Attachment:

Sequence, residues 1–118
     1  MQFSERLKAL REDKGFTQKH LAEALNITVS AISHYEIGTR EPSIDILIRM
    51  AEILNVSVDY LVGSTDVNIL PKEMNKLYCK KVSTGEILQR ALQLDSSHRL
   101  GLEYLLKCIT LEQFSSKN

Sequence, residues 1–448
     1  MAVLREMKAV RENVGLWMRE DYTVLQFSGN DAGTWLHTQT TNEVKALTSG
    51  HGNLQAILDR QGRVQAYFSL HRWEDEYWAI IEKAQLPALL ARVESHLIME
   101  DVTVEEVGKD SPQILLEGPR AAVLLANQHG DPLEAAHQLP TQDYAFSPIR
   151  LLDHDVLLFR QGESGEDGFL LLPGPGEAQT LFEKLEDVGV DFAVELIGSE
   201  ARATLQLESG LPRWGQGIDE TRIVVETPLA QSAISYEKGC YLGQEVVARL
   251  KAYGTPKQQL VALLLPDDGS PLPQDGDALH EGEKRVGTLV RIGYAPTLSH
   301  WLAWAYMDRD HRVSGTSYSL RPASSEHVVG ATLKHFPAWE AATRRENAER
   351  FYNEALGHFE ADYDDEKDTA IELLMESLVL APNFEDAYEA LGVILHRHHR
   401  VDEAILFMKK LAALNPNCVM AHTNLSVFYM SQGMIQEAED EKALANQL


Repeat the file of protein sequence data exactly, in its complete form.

Sequence, residues 1–118
     1  MQFSERLKAL REDKGFTQKH LAEALNITVS AISHYEIGTR EPSIDILIRM
    51  AEILNVSVDY LVGSTDVNIL PKEMNKLYCK KVSTGEILQR ALQLDSSHRL
   101  GLEYLLKCIT LEQFSSKN

Sequence, residues 1–448
     1  MAVLREMKAV RENVGLWMRE DYTVLQFSGN DAGTWLHTQT TNEVKALTSG
    51  HGNLQAILDR QGRVQAYFSL HRWEDEYWAI IEKAQLPALL ARVESHLIME
   101  DVTVEEVGKD SPQILLEGPR AAVLLANQHG DPLEAAHQLP TQDYAFSPIR
   151  LLDHDVLLFR QGESGEDGFL LLPGPGEAQT LFEKLEDVGV DFAVELIGSE
   201  ARATLQLESG LPRWGQGIDE TRIVVETPLA QSAISYEKGC YLGQEVVARL
   251  KAYGTPKQQL VALLLPDDGS PLPQDGDALH EGEKRVGTLV RIGYAPTLSH
   301  WLAWAYMDRD HRVSGTSYSL RPASSEHVVG ATLKHFPAWE AATRRENAER
   351  FYNEALGHFE ADYDDEKDTA IELLMESLVL APNFEDAYEA LGVILHRHHR
   401  VDEAILFMKK LAALNPNCVM AHTNLSVFYM SQGMIQEAED EKALANQL